Skill of the Immigrants and Vote of the Natives: Immigration and Nationalism in European Elections 2007–2016,” Moriconi S, Peri G, Turati R. NBER Working Paper 25077, September 2018.


Immigration and Preferences for Redistributioon in Europe,” Alesina A, Murard E, Rapoport H. NBER Working Paper 25562, February 2019.


Immigration and Redistribution,” Alesina A, Miano A, Stantcheva S. NBER Working Paper 24733, March 2022.


"Race and Redistribution in the United States: An Experimental Analysis,” Akesson J, Hahn R, Metcalfe R, Rasolly I. NBER Working Paper 30426, September 2022.


 “Insiders and Outsiders: Local Ethnic Politics and Public Goods Provision,” Munshi K, Rosenzweig M. NBER Working Paper 21720, November 2015.


Minority Representation in Local Government,” Beach B, Jones D, Twinam T, Walsh R. NBER Working Paper 25192, September 2019.


Minority Underrepresentation in U.S. Cities,” Ricca F, Trebbi F. NBER Working Paper 29738, February 2022.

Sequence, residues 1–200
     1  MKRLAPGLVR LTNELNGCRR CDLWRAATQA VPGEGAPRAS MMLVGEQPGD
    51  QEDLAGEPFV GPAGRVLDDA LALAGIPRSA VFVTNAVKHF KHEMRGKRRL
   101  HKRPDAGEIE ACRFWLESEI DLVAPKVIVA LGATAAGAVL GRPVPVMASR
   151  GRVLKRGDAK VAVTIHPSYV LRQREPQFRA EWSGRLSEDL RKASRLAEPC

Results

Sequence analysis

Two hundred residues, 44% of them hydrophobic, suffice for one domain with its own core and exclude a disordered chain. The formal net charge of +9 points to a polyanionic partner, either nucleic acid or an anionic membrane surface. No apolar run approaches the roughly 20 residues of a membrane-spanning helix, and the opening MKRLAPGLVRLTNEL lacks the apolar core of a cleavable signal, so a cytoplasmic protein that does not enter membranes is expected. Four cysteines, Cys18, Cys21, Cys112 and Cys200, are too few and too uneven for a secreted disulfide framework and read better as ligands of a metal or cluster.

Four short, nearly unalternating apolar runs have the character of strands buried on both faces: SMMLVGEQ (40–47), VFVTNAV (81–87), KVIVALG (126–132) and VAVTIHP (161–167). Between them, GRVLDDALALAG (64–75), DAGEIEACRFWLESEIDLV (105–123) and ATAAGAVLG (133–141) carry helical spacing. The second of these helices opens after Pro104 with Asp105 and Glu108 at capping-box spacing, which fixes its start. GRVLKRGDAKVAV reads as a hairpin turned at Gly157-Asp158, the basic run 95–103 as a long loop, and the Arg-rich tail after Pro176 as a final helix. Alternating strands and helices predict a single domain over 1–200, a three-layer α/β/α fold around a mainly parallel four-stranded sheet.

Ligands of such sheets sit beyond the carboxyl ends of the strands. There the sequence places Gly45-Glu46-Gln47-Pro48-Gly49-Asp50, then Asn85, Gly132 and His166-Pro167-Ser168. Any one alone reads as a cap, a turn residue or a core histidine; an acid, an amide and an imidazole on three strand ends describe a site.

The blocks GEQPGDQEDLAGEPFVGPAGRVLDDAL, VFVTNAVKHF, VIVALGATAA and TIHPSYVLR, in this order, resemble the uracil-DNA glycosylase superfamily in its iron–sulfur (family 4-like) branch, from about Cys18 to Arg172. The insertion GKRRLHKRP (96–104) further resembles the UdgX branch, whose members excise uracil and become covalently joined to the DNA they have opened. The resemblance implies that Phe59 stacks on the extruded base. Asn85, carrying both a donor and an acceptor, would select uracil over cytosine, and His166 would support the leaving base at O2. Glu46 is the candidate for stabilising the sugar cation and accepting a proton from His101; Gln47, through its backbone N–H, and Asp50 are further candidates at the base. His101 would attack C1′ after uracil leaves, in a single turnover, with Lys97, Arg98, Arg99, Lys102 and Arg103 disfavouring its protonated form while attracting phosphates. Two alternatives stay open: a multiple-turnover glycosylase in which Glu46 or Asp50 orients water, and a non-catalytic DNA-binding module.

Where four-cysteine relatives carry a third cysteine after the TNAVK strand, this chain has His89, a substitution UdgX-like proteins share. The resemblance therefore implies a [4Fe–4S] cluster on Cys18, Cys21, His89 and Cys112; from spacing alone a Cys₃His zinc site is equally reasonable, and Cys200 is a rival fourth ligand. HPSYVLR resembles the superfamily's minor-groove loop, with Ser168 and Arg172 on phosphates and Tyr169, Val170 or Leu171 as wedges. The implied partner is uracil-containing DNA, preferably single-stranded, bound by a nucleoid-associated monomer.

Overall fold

“Strict ID Laws Don’t Stop Voters: Evidence from a U.S. Nationwide Panel, 2008–2018,” Cantoni E, Pons V. NBER Working Paper 25522, May 2021.


Local Economic and Political Effects of Trade Deals: Evidence from NAFTA,” Choi J, Kuziemko I, Washington E, Wright G. NBER Working Paper 29525, November 2021.


Biases in Information Selection and Processing: Survey Evidence from the Pandemic,” Faia E, Fuster A, Pezone V, Zafar B. NBER Working Paper 28484, February 2021.


 “Bias in Cable News: Persuasion and Polarization,” Martin G, Yurukoglu A. NBER Working Paper 20798, June 2016.


 “Electoral Competition with Fake News,” Grossman G, Helpman E. NBER Working Paper 26409, October 2019.


 “A Model of Online Misinformation,” Acemoglu D, Ozdaglar A, Siderius J. NBER Working Paper 28884, January 2022.


"Learning from Shared News: When Abundant Information Leads to Belief Polarization,” Bowen R, Dmitriev D, Galperti S. NBER Working Paper 28465, March 2022.


Does Social Media Cause Polarization? Evidence from Access to Twitter Echo Chambers during the 2019 Argentine Presidential Debate,” Di Tella R, Galvez R, Schargrodsky E. NBER Working Paper 29458, November 2021.


Is the Internet Causing Political Polarization? Evidence from Demographics,” Boxell L, Gentzkow M, Shapiro J. NBER Working Paper 23258, March 2017.


The Effect of Social Media on Elections: Evidence from the United States,” Fujiwara T, Muller K, Schwarz C. NBER Working Paper 28849, May 2021.